Then I guess there is NO miscarriage of justice you'll acknowledge...no wrongful prosecution you won't defend. Sad. Scary, too (given your apparent "circuit cat" ambitions). And you accuse me of being Johnny One Note.
Posted by: John K | Jul 24, 2010 6:39:06 PM
John K --
"Then I guess there is NO miscarriage of justice you'll acknowledge...no wrongful prosecution you won't defend."
This is what happens when you guess.
In fact, I have condemned in unequivocal terms, inter alia, the anti-white, racist prosecution of three entirely innocent Duke lacrosse players by a liberal Democratic DA hoping to curry favor with an important compenent of the Democrats' voting groups. Indeed, I kind of recall condemning it in a post to you specifically.
Now to get back to what I said, and you avoided: If the feelings of the inmates and their families told the tale, no one would be in prison for anything. Do you disagree?
Posted by: Bill Otis | Jul 24, 2010 9:38:06 PM
Families' feelings are one thing when the crime is murder or rape. They're something else entirely when the offense is shipping undersized lobster tails in plastic bags.
Murderers and rapists -- and members of their families who aren't so deluded as to dismiss tangible evidence of guilt -- rest far easier in their misery than inmates and their families who feel victimized by an injustice obvious to almost everyone...with the possible exception of steadfast ex-prosecutors.
Posted by: John K | Jul 24, 2010 10:47:08 PM
John K --
The problem is not that inmates and there families feel victimized by injustice (which is infrequent but, of course, inevitable to some degree in any system).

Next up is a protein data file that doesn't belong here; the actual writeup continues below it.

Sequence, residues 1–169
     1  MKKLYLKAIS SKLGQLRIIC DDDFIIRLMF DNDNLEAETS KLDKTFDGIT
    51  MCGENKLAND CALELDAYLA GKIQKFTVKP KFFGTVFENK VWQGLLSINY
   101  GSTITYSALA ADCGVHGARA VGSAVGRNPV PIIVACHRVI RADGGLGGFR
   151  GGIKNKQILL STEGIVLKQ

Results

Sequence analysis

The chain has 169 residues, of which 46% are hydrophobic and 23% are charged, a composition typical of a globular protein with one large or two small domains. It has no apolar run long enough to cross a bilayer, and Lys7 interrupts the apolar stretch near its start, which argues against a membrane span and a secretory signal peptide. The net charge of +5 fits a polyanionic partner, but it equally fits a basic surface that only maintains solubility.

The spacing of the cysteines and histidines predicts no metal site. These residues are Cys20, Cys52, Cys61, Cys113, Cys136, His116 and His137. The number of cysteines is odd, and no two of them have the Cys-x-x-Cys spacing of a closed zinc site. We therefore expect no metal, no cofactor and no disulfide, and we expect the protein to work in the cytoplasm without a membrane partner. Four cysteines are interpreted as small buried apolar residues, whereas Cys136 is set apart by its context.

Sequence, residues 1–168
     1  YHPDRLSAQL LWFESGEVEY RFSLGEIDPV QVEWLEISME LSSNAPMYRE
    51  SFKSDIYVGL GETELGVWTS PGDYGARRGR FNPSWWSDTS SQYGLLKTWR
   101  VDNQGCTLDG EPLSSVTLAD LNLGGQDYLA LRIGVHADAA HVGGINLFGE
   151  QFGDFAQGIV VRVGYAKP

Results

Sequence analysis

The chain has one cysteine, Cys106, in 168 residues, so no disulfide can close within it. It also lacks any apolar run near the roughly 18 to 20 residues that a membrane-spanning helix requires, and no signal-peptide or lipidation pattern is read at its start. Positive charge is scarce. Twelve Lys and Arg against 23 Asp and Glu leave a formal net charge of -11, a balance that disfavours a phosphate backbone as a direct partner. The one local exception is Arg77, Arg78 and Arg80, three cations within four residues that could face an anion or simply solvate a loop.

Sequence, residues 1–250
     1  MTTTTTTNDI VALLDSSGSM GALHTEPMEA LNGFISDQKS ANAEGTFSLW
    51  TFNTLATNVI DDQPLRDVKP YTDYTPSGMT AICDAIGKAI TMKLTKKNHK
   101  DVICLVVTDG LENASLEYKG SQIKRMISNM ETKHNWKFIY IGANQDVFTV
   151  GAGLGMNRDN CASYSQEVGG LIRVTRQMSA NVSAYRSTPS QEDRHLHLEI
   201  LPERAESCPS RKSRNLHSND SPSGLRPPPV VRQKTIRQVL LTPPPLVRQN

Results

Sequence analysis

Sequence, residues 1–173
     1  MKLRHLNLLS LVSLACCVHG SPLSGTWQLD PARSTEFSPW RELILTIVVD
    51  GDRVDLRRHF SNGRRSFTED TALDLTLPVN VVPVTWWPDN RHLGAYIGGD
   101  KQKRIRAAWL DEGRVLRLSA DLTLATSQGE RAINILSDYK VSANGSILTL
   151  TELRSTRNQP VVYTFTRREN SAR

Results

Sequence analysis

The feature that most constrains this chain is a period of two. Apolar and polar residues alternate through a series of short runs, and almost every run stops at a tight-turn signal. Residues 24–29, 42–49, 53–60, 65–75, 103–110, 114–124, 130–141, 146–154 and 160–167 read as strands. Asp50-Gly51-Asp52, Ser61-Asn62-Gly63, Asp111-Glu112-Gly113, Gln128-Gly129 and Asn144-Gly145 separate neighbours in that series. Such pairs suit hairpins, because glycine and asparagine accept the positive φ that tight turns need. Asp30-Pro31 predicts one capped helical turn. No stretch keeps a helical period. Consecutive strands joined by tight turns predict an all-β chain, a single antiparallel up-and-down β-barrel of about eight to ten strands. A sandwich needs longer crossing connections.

The problem is that they feel victimized by justice. And complain relentlessly about it, including right on this blog.
Posted by: Bill Otis | Jul 24, 2010 11:49:35 PM
"Speaking of plea bargains. If 95% of cases are settled that way, shouldn't there be a module in the Crim Pro or Evidence course on the plea, its tactics, defenses, ethics?
Has anyone received formal law school training in the law and management of the plea bargain?
Posted by: Supremacy Claus | Jul 24, 2010 9:51:14 AM"
NEVER gonna happen since legally under our constitution that requires a "trial by a jury of your peers" the plea bargain is ILLEGAL ON IT'S FACE.
Posted by: rodsmith | Jul 25, 2010 1:30:06 AM
Justice is more than a synonym for punishment.
Posted by: John K | Jul 25, 2010 12:49:47 PM
Punishment is an important part of justice, a fact recognized the world over.
Posted by: Bill Otis | Jul 25, 2010 9:14:28 PM
For profit prisons and some loss of integrity in the judicial system have taken advantage of Americans for the same reason as mortgage companies, lending institutions, oil and gas industry, automotive industry, etc. have taken advantage of Americans…Greed!
Sometimes we do not understand why a defendant gets more years than someone else committing the same crime. We can blame ethnicity and many may agree, or we can blame money or the lack of money for zealous defense, or we can blame prosecutorial arrogance/greed for conviction percentages rather than justice.